Indulge the traditional bride in you with the sounds of a choir.
Music is a big part of the wedding ceremony, whether you say your vows at a church or a local art gallery. So concern about what to play is natural. Many couples are now looking past the traditional organ or piano and seeking out choirs. If you're tying the knot at a church, there's probably already a choir in place, so pinning down that sound is a breeze. But if you're getting married somewhere less traditional, you might have to search a little to find what you're looking for. Many choral societies perform for private parties, so if there is a group you know and love, call to see if they are available. Here are a few favorites that are sure to deliver a powerful processional.
If you love the operas of Gilbert and Sullivan, The Ardensingers is the group for you. The chorus performs operettas and choral concerts by the famous duo.
Clear Space Productions, Community Chorus
Rehoboth Beach, 644-3810, ext. 2
Sixty voices unite to make the sound of the Community Chorus, but you can book smaller groups, if you want. Big or small, the chorus performs American standards from the past century like "You Raise Me Up," "What I Did for Love" and "Circle of Life." If none of those strike your fancy, make a personal request. The group can learn a new song in one rehearsal.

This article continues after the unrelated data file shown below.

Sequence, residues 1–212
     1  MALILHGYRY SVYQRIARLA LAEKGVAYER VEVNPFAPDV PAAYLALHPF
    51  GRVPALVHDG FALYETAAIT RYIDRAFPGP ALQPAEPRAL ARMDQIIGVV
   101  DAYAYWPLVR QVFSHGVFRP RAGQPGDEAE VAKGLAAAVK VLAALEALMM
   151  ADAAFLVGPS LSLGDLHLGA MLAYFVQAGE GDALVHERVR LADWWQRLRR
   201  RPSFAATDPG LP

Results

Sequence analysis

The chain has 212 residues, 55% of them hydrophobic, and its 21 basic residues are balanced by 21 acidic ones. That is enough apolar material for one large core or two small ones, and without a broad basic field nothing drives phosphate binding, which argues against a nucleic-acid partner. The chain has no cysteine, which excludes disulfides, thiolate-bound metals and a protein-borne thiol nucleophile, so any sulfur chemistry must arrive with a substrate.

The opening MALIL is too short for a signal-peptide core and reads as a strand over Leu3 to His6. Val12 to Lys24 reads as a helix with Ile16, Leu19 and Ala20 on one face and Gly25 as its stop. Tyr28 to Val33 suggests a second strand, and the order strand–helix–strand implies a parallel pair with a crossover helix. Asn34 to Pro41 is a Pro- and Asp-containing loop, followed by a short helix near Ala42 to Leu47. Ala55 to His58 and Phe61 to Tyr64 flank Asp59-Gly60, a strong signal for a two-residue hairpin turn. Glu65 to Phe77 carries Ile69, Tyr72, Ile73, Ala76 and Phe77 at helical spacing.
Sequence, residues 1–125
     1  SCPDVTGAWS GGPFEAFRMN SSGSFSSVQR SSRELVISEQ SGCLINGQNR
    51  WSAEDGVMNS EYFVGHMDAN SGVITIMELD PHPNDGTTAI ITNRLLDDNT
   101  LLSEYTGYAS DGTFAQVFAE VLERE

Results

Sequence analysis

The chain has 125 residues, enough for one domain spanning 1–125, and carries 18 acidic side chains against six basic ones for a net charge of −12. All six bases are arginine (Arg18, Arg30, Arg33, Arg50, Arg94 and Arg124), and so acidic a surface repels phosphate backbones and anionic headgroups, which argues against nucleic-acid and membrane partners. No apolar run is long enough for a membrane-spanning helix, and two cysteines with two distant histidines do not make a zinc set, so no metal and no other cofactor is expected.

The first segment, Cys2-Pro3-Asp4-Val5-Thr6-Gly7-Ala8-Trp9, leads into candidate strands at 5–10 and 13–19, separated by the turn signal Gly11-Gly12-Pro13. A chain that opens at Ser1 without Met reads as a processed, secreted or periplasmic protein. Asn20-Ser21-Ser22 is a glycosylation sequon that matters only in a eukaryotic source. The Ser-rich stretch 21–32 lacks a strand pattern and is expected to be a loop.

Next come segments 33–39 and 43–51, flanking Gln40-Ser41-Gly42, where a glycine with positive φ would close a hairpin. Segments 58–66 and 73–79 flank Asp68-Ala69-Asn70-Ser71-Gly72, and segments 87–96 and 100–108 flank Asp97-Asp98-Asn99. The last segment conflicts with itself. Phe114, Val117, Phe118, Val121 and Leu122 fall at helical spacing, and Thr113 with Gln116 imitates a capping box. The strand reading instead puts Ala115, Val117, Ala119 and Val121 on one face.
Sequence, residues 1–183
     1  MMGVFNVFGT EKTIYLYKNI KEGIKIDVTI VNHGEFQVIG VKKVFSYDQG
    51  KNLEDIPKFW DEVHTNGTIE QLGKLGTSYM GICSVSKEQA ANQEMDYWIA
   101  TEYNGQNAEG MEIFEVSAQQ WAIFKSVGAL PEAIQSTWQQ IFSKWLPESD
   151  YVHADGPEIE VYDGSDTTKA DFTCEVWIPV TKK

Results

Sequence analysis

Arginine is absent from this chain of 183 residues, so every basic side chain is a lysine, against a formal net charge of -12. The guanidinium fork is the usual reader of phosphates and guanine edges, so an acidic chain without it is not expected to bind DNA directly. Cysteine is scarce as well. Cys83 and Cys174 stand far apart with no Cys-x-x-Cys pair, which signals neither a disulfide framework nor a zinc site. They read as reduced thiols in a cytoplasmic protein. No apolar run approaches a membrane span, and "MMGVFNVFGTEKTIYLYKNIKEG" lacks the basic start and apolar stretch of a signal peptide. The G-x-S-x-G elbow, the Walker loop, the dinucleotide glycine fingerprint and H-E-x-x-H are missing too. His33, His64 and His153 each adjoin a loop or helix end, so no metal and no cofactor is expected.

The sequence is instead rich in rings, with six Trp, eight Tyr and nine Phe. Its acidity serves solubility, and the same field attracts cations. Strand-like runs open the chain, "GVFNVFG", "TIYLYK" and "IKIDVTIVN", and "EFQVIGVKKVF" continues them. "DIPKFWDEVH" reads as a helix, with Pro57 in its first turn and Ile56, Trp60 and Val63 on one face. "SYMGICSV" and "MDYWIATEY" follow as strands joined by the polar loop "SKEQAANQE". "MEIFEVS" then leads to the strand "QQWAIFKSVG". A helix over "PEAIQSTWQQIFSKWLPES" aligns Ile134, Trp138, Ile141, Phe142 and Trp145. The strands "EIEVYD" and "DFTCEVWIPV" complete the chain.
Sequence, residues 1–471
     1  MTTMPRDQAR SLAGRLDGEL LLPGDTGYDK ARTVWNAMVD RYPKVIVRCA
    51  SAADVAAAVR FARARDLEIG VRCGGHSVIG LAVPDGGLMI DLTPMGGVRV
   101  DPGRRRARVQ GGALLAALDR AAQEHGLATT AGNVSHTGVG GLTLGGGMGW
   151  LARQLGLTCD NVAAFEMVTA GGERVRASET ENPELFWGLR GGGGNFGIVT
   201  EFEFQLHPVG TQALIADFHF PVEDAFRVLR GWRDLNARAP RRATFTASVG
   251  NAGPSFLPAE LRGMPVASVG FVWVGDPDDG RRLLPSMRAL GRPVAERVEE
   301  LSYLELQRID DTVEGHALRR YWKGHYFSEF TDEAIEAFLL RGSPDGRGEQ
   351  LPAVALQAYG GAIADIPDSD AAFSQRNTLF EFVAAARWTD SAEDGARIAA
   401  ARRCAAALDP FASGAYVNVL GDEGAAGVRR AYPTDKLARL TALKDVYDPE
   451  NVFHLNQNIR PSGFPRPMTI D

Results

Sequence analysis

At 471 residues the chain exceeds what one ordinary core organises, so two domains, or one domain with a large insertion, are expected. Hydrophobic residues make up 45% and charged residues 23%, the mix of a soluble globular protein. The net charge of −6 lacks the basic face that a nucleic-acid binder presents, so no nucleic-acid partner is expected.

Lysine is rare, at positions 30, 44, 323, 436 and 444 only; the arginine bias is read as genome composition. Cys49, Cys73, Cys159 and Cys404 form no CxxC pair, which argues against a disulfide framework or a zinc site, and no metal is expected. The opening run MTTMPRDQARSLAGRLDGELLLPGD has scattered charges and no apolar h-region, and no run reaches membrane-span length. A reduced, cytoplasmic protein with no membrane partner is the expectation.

For those in search of a classic choir ensemble, Coro Allegro is the way to go. The group of 24 is available for private parties, or brides can book just a quartet. Pick between traditional sacred music like "Ave Maria" or "Ubi Caritas," or go with secular or a cappella songs like "Blue Moon" or "All The Things You Are."
The New Ark Chorale focuses on classical works. These guys have performed at weddings with traditional pieces like "Ochie Manza Mia" and "Exultate Deo."
Nothing but Treble
This female a cappella group can sing anything from its collection of pop, oldies, folk, jazz, spiritual and holiday pieces. Favorites include "How About You," "Amazing Grace," "One Fine Day," "I've Got a Crush On You" and "My Funny Valentine."
These voices combine to produce some of the state's finest oratorios. Not familiar with oratorios" Think Handel's "Messiah." Smaller groups are available for private parties.